Mar 15Liked by Zoe Evans

Thanks for the recent mentions! And thanks for letting us see your "process".

I wanted to let you know that our website, IzelPlants.com is currently only showing inventory that is ready to ship by our first default ship week of April 10th (orders can of course be held and shipped later). Starting on Thursday March 29th, we will be adding newly ready-to-ship crops, weekly, generally on Thursday mornings. So it’s possible that if you are seeing a species as out of stock, it may still become available this spring (or fall depending on the species) as the new crops become mature enough to ship.

You are welcome to email us a “wishlist” of species (to: hello@izelplants.com) and we can provide you the projected ready dates and take an advance order. A second option is to sign-up for the back in-stock alert at the bottom of each product page.

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From subscriber email: Other retail sources with online possibilities for any future Zoe needs: thepollennation.com and pinelandsdirect.com Pinelands is almost all seed grown natives so better biodiversity. They also may have woody seed grown plants, whereas often even native woodies are vegetatively propagated so not very biodiverse.

For information on ticks/strategies to avoid, she might take a look at Kirby Stafford’s work at CT Ag Experiment station, here. Using a gravel mulch of sufficient diameter to be constantly dry in a sunny area might be a good barrier. I have found that dry laid stone walls are rodent (chipmunk especially) habitats and on properties where I have worked, that’s been a source of ticks that I try to stay aware of.

One way for Zoe to have a sense of where in her yard there tend to be ticks — or not — is to do a tick drag using white fabric (wear a Tyvek suit for this so no nymphs find you in the process!). One of my clients had a daughter with lyme disease that required antibiotics for awhile (took them awhile to realize she had Lyme) was particularly focused on landscaping to avoid ticks. We did a tick drag around the property to figure out the habitats where the ticks were heavier or lighter. We had taken a lot of leaves off the property that had accumulated over years and piled them in one place, then shredded them. That staging area had the most ticks, probably because we gathered together many too-deep leaf areas into one pile. Each yard, its conditions, presence of rodents who are often carriers, varies.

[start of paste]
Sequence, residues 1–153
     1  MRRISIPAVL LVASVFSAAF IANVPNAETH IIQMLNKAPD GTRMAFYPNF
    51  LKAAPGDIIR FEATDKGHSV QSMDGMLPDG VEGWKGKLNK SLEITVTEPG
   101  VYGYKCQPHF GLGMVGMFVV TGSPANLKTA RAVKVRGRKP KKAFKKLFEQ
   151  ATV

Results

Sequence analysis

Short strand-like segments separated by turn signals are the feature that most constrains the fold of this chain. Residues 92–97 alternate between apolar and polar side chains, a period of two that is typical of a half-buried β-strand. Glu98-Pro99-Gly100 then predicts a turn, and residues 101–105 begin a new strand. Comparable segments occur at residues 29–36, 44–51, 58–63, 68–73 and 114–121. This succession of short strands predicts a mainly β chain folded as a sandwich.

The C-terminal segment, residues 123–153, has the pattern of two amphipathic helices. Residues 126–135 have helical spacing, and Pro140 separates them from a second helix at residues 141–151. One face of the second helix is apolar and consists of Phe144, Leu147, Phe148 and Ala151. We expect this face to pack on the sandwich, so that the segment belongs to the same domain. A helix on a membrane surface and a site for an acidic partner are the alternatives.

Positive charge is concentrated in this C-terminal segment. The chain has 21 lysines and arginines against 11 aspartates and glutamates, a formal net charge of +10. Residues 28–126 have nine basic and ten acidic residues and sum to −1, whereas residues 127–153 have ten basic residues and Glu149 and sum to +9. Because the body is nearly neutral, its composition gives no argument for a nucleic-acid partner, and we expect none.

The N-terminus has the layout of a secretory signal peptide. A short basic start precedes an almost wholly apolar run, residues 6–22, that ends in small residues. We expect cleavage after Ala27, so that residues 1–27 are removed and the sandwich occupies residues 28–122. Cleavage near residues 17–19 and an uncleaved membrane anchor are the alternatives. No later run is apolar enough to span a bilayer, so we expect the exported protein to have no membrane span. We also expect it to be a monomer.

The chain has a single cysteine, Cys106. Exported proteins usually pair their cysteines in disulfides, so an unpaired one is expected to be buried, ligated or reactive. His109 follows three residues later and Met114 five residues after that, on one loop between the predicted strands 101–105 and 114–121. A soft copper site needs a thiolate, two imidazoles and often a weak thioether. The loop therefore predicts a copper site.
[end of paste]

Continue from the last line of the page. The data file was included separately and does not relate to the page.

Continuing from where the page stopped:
Here is an Army description of how to check an area using a tick drag (https://www.acq.osd.mil/eie/afpmb/docs/techguides/tg26.pdf). I think a combination of an observational analysis of the site for rodent presence, activity and habitat a tick drag where the drag fabric is checked near each area to try to get a sense of hot spots, and addressing any habitats near hot spots could be helpful and also add facts/awareness in an empowering way.

This warmer winter we’ve had in the Northeast favors nymphal development of ticks so don’t skip the Tyvek suit.

Another great source for plugs is PrairieNursery.com. Although they are in the Midwest, the way they create their plugs is to put seeds from a variety of ecotypes in each plug so that there is a greater change the plant will live and reproduce in the area where the plug goes. A little more expensive, but now you see why. If Midwest makes you nervous, check with them to see what they have to say about using them in Dutchess County. They are very ecologically focused. Neil Diboll had a native plant nursery long before it was cool to sell native plants.

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This process was so incredibly helpful, and I'm soooo excited for my garden!

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